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Football leaves legacy of hope in Namibia 0

WINDHOEK – Throughout the 2010 World Cup in South Africa, organisers have insisted that the legacy of the event goes far beyond the sporting spectacle. In the dusty streets of a Windhoek township, Deon Namiseb believes this is true.

Katutura is one of 20 sites where a Football for Hope Centre is being constructed. The Fédération International de Football Association (FIFA), in conjunction with Special Olympics Namibia and the streetfootballworld network are establishing a facility where people with disabilities can play football alongside their non-disabled counterparts, helping to overcome widespread discrimination.

“My main aim is that the community be involved,” says Namiseb, standing proud and serious in his worn-out golf shirt, red shorts and tennis shoes. “They should come and enjoy themselves and be part of what we are doing here and we share knowledge in whatever aspect of life.”

Namiseb was born with an intellectual disability and an under-developed right hand. For all of his 32 years of life, he has been shunned by most in his community.

Despite this, he briefly coached a female football team in Okahandja, a small town some 70 kilometres outside Windhoek. He says the Centre will offer him the first opportunity to play football alongside able-bodied people, across lines of prejudice that have shaped his life.

“It’s difficult to grow up your whole life being made aware left, right and centre that you are different from the majority of people,” he says. “Some people don’t even want to come near you as if you have leprosy or  some other infectious disease.

“I might be disabled but I am not any different from anyone and I am hoping that through this initiative the able-bodied youth soccer players we will play alongside will be our ambassadors to society and tell them that disability does not make anyone lesser human,” Namiseb told IPS at the Centre’s bricklaying ceremony.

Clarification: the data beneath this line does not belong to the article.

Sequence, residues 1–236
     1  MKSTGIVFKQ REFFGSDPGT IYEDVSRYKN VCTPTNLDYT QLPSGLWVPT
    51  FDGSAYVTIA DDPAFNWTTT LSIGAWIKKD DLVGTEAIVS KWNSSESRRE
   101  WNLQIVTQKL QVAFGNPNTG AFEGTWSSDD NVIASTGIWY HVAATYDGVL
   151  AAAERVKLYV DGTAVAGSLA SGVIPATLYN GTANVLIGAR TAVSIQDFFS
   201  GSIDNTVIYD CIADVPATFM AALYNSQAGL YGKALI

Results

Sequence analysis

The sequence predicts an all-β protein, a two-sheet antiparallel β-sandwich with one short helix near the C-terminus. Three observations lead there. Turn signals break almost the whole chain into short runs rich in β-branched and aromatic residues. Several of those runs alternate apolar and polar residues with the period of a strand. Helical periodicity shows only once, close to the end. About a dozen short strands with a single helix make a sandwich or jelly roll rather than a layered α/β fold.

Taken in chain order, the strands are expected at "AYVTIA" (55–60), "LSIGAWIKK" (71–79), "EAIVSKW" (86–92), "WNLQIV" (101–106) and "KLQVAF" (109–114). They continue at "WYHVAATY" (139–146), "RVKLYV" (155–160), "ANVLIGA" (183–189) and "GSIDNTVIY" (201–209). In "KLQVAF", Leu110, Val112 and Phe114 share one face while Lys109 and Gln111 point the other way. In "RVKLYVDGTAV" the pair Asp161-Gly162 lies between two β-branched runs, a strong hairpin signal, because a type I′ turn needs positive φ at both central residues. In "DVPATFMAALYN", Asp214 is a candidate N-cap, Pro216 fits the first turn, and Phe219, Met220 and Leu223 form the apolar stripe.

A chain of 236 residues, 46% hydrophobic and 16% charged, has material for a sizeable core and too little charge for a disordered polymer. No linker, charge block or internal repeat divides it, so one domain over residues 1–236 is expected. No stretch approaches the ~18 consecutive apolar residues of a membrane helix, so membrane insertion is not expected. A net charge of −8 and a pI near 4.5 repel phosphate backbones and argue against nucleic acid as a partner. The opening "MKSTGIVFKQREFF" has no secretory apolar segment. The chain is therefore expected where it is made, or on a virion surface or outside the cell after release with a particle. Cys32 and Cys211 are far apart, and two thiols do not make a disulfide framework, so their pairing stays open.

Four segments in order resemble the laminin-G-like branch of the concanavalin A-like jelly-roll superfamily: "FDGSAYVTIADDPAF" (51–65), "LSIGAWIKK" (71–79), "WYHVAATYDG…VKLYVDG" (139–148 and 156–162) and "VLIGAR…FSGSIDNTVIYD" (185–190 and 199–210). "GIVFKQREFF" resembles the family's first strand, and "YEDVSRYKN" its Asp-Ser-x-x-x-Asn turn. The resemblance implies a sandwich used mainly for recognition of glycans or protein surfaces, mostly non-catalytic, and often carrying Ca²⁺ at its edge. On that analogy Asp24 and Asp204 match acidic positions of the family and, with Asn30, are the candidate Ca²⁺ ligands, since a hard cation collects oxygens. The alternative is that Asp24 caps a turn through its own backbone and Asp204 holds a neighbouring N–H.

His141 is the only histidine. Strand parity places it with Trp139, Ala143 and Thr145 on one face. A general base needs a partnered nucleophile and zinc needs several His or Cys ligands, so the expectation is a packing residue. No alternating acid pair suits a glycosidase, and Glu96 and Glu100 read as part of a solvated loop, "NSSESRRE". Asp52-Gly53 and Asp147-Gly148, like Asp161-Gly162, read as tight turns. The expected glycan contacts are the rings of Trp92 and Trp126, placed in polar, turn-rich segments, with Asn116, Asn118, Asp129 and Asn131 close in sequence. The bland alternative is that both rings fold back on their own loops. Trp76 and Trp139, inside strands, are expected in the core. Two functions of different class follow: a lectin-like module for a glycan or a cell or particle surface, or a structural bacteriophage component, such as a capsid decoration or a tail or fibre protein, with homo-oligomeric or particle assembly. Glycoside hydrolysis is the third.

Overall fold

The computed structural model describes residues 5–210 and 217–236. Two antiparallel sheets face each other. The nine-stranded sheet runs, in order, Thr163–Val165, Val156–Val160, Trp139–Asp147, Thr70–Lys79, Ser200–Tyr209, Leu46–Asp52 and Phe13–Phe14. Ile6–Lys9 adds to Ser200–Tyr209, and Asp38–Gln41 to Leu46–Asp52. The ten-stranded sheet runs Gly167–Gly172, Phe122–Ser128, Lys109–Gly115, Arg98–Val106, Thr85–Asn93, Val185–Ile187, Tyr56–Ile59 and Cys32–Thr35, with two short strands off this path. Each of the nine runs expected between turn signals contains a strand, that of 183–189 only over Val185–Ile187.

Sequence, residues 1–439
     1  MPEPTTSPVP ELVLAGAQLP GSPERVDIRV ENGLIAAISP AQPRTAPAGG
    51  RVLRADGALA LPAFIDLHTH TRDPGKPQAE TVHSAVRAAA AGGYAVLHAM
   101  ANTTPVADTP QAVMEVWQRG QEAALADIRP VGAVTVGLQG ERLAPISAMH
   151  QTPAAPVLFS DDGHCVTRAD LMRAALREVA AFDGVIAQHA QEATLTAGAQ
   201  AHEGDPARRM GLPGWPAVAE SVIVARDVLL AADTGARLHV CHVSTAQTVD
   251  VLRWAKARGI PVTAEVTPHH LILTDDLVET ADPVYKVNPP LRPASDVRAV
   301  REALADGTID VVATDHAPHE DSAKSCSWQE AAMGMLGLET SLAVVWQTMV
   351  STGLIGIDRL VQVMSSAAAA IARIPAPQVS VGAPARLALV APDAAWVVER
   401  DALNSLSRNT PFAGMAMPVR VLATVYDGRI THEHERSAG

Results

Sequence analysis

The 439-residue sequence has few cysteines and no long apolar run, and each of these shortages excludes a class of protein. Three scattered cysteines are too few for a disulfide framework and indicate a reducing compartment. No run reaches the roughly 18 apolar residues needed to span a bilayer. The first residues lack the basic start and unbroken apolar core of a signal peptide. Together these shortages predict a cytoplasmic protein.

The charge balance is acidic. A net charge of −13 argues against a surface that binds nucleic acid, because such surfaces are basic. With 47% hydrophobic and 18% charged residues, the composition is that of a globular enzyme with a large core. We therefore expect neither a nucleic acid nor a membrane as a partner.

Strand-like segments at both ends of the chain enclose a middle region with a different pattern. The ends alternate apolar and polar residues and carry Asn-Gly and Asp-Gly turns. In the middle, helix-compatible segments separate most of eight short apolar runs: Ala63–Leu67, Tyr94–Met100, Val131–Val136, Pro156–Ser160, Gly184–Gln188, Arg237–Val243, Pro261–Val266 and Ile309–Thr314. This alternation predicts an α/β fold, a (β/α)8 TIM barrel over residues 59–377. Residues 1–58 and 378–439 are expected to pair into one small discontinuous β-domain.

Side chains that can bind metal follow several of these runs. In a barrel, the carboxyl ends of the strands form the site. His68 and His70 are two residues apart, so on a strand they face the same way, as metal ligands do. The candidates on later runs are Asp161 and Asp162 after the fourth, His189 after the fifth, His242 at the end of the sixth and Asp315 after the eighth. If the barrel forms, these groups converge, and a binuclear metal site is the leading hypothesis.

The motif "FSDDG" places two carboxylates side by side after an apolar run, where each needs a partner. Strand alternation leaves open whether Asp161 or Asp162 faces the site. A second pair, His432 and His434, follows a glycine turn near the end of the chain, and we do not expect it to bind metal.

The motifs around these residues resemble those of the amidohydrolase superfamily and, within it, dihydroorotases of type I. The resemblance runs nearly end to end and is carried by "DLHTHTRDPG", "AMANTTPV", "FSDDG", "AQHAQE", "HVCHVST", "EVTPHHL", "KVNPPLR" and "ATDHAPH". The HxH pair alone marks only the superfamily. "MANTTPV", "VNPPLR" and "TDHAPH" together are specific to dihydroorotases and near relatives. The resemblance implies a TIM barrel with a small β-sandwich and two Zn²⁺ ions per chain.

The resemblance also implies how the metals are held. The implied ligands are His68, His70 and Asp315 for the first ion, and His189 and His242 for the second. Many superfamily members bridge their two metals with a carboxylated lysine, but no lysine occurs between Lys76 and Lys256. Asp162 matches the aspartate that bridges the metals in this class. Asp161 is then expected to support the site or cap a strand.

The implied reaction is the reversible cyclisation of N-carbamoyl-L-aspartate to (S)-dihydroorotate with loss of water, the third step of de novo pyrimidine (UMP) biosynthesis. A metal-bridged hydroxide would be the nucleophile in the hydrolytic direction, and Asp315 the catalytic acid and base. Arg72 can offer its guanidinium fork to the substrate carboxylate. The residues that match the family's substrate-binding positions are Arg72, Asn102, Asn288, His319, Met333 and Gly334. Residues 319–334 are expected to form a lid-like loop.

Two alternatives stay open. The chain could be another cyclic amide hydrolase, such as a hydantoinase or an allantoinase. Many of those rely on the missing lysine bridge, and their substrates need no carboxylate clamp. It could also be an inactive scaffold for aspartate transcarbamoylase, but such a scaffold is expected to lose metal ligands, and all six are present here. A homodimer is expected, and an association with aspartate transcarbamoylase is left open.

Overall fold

“We are the same and we are capable of doing what any other person can do.”

The Football for Hope Centre in Katutura will provide facilities to more than 1,000 athletes with intellectual disabilities as well as other members of the community. In addition to sport, the Centre will help athletes acquire basic computer literacy skills and provide education on reproductive and sexual health.

“Because we are disabled one way or the other does not mean our bodies behave differently from other human beings,” Namiseb says.

“We have the same needs. The fact that we will be taught more about our bodies is wonderful. I know for a fact that most disabled women are sexually abused and if they are made aware of what sexual abuse is, it will help them to protect themselves against it.

“I will try to use my one strong hand for the computer lessons,” he says, a big smile on his face, “it does not matter that I might not get a job to use these skills but the knowledge is valuable.”

Able-bodied Joe Shipala also hopes to be part of the initiative. He says he only came to realise the unfair discrimination against people with disabilities when his mother was involved in a car accident and had to have her legs amputated.

“It was an eye-opener and seeing my mother being discriminated hurts so much. Our father even divorced her after the accident because he did not want a wheelchair-bound wife. But I can’t disown my mother because of disability; she did not choose to be that way and I don’t see her any different.”

He says he wants to be part of this initiative to show society that disability does not mean inability.

Shipala also says if admitted to the programme, he will stand to benefit from the computer training which he will use when he finishes his diploma in commerce.

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By Patience NyangoveIPS Africa

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Direttore Responsabile Giuseppe Frangi